The aim of the new plan is to redistribute the migratory flows, which until now have weighted almost entirely on the territories, where migrants first arrived, namely the Mediterranean countries and partly also in East of Europe. For this reason, the plan will focus on a new fair and obligatory mechanism for the distribution of migrants among all EU States, no matter the country where the asylum seeker first arrived. In addition, the protection of external borders will be strengthened and new legal routes to Europe will be created in order to fight people smugglers. Thanks to the plan, Member states will also work to get more streamlined procedures to speed up the return of those, who are not entitled to remain in the EU. They will be allowed to stay just a few months. Of course the EU must cooperate with the countries of origin and transit, to combat organizations of illegal migration and to conclude readmission agreements for the migrants. Further, part of the reform will also cover legal immigration. Its regulation must be improved through for example wider humanitarian corridors, new direct calls, and student permits. Finally, the President called again the Member states to rescue the refugees from distress at sea, because that is part of the migration policy.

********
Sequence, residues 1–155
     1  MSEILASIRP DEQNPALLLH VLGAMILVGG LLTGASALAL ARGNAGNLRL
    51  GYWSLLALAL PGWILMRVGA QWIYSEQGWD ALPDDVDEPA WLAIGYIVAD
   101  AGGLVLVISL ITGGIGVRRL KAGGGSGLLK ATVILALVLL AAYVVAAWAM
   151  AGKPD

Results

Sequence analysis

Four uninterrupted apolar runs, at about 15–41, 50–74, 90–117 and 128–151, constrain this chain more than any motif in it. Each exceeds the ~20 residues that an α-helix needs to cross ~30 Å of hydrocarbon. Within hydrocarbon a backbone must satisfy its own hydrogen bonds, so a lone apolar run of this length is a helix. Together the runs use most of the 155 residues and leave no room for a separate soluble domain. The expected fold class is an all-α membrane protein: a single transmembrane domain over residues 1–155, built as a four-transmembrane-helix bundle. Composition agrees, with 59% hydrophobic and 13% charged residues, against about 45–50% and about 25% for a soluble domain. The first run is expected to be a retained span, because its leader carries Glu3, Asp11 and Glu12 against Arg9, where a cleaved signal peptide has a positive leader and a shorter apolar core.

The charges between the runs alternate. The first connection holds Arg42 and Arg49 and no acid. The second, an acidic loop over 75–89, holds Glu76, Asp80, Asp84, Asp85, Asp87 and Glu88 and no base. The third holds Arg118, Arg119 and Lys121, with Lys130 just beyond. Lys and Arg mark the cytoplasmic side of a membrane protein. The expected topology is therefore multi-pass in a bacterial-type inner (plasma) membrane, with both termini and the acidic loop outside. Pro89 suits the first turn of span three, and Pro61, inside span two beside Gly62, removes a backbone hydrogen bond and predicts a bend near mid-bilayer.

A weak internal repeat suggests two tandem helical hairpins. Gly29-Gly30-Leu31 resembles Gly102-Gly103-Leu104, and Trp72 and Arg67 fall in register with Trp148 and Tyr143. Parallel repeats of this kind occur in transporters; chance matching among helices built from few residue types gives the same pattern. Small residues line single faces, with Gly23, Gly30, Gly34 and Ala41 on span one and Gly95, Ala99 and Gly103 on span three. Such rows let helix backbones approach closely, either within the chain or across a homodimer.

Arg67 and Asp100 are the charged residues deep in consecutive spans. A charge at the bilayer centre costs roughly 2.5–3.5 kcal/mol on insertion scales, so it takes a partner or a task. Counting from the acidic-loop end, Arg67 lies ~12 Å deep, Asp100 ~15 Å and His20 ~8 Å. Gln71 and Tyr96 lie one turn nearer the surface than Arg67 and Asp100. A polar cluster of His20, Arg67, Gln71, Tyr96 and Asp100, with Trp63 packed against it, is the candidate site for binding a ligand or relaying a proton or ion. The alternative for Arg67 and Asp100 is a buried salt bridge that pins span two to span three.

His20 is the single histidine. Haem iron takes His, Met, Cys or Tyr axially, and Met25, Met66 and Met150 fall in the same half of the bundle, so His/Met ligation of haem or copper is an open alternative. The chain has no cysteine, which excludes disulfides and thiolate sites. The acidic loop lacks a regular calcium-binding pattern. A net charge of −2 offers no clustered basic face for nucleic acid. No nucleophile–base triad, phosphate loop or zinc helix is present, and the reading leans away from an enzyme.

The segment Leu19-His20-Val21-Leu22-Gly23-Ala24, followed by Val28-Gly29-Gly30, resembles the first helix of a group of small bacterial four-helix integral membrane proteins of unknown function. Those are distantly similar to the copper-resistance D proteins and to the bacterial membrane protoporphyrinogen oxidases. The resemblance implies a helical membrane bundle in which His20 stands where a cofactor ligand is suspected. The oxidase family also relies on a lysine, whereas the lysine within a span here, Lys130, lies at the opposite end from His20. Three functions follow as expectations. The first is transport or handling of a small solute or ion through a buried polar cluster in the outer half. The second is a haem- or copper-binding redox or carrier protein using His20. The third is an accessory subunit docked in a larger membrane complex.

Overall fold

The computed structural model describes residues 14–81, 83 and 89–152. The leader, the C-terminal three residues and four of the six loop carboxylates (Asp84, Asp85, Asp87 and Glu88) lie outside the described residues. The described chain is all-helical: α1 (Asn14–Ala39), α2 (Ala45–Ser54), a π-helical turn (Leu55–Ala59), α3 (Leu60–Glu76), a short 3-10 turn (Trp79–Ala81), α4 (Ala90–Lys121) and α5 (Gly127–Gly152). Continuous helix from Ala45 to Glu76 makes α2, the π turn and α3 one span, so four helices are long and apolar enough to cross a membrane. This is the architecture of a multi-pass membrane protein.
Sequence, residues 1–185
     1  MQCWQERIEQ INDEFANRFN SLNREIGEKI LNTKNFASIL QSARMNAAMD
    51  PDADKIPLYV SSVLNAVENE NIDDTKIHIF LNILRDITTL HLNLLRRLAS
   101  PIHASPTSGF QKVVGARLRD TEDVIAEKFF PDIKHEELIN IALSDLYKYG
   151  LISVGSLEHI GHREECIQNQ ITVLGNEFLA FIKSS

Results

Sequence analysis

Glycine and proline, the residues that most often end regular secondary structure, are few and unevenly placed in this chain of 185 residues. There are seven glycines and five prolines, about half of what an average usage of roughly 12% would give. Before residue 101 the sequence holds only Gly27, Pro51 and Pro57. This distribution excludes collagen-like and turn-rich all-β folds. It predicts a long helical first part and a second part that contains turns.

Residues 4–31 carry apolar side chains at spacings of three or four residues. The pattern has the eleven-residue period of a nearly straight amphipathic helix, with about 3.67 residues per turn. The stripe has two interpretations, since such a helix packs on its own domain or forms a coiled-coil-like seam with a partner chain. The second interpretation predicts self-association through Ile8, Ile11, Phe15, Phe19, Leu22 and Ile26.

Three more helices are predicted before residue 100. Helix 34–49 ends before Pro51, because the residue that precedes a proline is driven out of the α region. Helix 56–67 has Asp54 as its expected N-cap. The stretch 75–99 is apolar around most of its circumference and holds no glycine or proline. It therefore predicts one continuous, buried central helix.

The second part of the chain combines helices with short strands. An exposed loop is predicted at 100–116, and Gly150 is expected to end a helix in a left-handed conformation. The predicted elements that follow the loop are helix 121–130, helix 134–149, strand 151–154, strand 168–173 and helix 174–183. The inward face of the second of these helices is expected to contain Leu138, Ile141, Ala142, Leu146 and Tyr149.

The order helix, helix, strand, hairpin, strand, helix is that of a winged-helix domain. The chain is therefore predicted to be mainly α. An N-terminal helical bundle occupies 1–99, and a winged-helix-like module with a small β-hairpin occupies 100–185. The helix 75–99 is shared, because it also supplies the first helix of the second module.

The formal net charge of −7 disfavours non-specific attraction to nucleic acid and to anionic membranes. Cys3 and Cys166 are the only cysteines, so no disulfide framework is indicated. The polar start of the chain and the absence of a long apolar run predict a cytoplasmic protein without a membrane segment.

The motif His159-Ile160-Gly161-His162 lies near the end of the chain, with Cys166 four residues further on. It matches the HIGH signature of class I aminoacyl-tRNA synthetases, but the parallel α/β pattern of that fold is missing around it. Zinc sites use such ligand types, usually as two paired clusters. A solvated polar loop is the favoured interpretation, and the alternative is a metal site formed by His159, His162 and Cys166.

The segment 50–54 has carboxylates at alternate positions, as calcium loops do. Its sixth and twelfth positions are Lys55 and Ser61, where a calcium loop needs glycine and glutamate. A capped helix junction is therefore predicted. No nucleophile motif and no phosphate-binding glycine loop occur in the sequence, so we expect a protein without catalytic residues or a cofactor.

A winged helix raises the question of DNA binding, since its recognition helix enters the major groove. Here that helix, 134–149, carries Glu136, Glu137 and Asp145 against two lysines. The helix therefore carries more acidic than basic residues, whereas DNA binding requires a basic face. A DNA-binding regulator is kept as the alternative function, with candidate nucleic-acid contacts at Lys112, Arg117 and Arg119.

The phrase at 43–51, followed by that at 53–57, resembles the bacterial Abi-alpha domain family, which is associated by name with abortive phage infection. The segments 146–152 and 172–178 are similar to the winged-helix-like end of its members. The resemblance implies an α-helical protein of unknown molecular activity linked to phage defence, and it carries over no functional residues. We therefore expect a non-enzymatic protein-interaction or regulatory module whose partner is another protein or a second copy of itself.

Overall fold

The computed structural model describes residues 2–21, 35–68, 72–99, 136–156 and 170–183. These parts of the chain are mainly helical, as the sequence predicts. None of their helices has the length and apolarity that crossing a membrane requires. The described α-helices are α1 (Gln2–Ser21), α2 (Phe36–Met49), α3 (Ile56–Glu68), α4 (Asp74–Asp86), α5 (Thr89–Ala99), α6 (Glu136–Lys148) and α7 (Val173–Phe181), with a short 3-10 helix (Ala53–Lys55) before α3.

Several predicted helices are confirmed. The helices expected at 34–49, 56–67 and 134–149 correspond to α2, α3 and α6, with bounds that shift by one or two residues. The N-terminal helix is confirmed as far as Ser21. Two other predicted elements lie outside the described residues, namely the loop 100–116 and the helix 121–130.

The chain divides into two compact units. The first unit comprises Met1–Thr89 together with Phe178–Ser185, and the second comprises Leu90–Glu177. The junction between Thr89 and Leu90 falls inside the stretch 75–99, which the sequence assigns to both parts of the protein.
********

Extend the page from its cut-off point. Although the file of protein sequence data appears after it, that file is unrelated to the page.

In the next few weeks, following the State of the Union 2020, the plan will be introduced and more about it will be revealed. Anyway, the Plan must still be heavily debated, and the Council must negotiate for it. Negotiations will be quite complex, in particular because of the principle of compulsory solidarity, that Member States should accept. In this respect, von der Leyen admitted that also Germany was pushing to get successful results on the issue of migration. Besides, after the incident in Moria (Greece), Germany decided to welcome at least 1’500 unaccompanied minors. The Dublin Regulation has long been a controversial topic in the EU. Member States were waiting for such a reform since long time, which instead has continuously been postponed. Many attempts to reform the EU distribution system failed, mainly because of the opposition of Eastern European governments. The current Dublin system has multiplied over time  tensions between the Member States and has given rise to internal frictions. Since the migration crisis in 2015, the number of people arriving in Europe has decreased, but the political deflagration continued. It has always been obvious that the Dublin Pact was rather a failure, because it has never been fully accepted by all Member States, but at the same time it was difficult to redefine the rules. Already in 2015, the ex- President of the Commission Juncker had announced the same reform for the Dublin Regulation, which then did not occur. France and Germany described then the system as obsolete, because no result could be achieved. Now, France and Germany reintervene urging the other EU members to show more solidarity and said that the Greek incident demonstrated the urgent need to find a common answer to the migratory question. The Dublin Regulation has been also much criticized by politicians from the EU border states and refugees’ advocates. Southern EU border states, like Italy and Greece, have always been under pressure, because of the emergency situation given by the many arrivals of third nationals. They have long complained that the Dublin Regulation has forced them to process the bulk of asylum claims, while northern and non-border EU states were responsible for less claims. Nevertheless, Europe has tried in the mean time to work with a quota system to redistribute migrants among the EU member countries, but this has never been so successful as expected, because it never moved indeed the 160’000 people originally agreed on. Of course, there have been different reactions from the Euro-MP’s to von der Leyen’s announcement, and probably the mandatory relocation calculated in the new reform will still stay a point of contention among the Member States. That’s why the Commission does not exclude to propose a kind of compromise stating that who does not accept its share of migrants, will take care of the costs of repatriation of those who do not have the right to asylum or a legal residence permit. In particular, the far-right Identity and Democracy group, as well as the members of the European Conservatives and Reformists group, responded to von der Leyen’s remarks and plans. Jorg Meuthen, a member of the EU Parliament from Germany’s far-right AfD party, accused the President of the EU Commission, Mrs. von der Leyen, to misunderstand actually the meaning of her role. He criticized she should not act as being the head of state of a single country, what she maybe would wish to be. Similarly, the Visegrad Group is expected again to reiterate their opposition to obligatory relocation, what will make negotiations tougher. On the other side, the New Pact of Migration is defended more by the alliance of countries, which are located at the frontline of the migration development (Italy, Greece, Spain, Malta and Cyprus) They promote common positions on migration and push at most for a tangible solidarity referring actually to the mandatory relocation across the EU. However, the different disagreements among the EU states will lead probably to an alternative solution. For example, countries that do not wish to host refugees will prefer to return the migrants that are not eligible for asylum in Europe to their country of origin.